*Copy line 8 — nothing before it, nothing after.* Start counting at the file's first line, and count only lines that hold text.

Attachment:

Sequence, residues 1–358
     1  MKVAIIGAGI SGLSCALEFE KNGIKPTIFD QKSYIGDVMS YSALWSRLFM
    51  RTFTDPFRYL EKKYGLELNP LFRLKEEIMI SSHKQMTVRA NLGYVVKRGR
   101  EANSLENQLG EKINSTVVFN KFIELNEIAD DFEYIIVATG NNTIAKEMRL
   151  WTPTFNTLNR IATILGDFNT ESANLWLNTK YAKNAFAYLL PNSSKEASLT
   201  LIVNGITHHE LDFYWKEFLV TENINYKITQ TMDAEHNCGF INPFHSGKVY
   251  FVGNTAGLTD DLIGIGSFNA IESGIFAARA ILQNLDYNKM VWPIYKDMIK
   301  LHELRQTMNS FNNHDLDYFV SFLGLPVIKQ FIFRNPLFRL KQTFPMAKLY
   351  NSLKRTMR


   301  LHELRQTMNS FNNHDLDYFV SFLGLPVIKQ FIFRNPLFRL KQTFPMAKLY